- Existential quantifier statement: there exists <number rule> <variable> in <nodetype> such that <statement>
- Edge rule assertion statement: (<variable>,<edge type>,<variable>)
- And statement: <statement> and <statement>
- Or statement: <statement> or <statement>
- Xor (Exclusive or) statement: <statement> xor <statement>
- Not statement: not <statement>
Thus, the above two statements, written in the DSL, look like this
and the second one:
Lacking creativity, I decided to give ontology file names the “.onto” extension, and thus the Onto language was born.
Language Implementation Choice
It was difficult to determine which language I would use to implement this project. Having recently taken a compilers class in OCaml and knowing the benefits of OCaml’s strongly typed system and functional programming language features (and my personal preference for coding in OCaml), I thought that OCaml seemed like the natural choice for this kind of project. However, after I considered the reusability of this project with other systems in the company, I realized that OCaml would not be the best choice. The company recently decided to move towards Java and possibly other JVM-based languages. I had researched Java-OCaml bindings and discovered that existing options couldn’t meet this project’s need. As a result, I chose to implement this project in Java to make it more compatible with other systems at Knewton.
Having only used ocamllex and ocamlyacc to create parser generators, I needed to research other parser generators for Java. My mentors suggested ANTLR. I found ANTLR to be a high quality project that was incredibly easy to use.
Now that I could successfully parse ontology files into memory, how would I validate a graph? I decided to implement the algorithm in a functional way: traverse the abstract syntax tree (AST) generated by the parser and for each statement node, create a closure that, when provided an environment–a mapping from variable names to actual nodes in the graph–and called, would return “true” or “false” (and thus represent whether the graph passed validation on that statement). After traversing the entire AST, one closure would be produced and would represent the validate function. A list of errors would be generated if the graph failed validation.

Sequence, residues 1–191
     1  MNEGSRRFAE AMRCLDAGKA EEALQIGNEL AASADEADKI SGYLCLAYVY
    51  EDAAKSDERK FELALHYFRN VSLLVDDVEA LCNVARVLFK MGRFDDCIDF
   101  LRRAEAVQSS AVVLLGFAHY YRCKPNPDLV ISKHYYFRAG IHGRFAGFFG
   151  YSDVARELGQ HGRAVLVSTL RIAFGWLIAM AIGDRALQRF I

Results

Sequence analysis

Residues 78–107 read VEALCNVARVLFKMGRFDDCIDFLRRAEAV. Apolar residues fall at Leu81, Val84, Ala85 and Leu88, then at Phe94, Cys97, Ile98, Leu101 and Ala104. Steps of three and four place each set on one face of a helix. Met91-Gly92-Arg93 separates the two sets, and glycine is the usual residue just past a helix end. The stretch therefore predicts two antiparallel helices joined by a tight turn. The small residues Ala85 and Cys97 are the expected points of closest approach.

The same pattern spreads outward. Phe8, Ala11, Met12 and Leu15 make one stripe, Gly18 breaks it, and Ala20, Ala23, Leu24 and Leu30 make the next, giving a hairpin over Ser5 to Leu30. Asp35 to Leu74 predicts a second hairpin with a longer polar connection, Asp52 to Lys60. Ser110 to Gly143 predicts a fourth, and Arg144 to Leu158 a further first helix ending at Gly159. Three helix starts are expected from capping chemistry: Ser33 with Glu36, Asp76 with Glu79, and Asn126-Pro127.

For example, I did the following for the Universal quantifier statement:
for all <variable> in <node type> <statement>
- Generate the closure by traversing the AST in <statement>
- Iterate over all nodes with type <node type> in the provided graph, and for each node:
- extend the current environment by mapping: <variable> to current node
- call the closure on this new environment, and ensure the closure returns true
I followed a similar procedure for the rest of the node types in an ontology.
Unfortunately, closures are not directly accessible in Java. Instead, I had to generate wrapper classes that wrapped methods representing the closure. In addition, because of the lack of match statements in Java, I used the visitor pattern to traverse the AST.